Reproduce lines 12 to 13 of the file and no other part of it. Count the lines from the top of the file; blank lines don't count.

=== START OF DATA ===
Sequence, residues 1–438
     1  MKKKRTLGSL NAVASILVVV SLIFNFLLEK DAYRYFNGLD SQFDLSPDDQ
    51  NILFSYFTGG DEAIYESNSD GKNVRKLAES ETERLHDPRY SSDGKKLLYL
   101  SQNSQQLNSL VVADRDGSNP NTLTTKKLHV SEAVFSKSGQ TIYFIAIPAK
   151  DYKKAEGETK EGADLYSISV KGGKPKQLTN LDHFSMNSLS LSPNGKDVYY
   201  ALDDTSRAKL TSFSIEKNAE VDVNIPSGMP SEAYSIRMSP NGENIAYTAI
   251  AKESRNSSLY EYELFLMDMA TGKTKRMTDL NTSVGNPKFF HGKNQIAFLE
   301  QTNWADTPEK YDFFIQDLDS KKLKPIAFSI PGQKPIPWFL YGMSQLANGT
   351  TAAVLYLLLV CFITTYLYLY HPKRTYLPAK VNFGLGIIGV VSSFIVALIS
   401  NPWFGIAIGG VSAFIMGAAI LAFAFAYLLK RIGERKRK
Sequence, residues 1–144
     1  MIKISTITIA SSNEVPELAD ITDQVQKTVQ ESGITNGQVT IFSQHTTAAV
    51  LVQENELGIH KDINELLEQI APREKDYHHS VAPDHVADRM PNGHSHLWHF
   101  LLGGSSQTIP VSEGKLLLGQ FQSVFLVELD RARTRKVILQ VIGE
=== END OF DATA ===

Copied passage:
     1  MIKISTITIA SSNEVPELAD ITDQVQKTVQ ESGITNGQVT IFSQHTTAAV
    51  LVQENELGIH KDINELLEQI APREKDYHHS VAPDHVADRM PNGHSHLWHF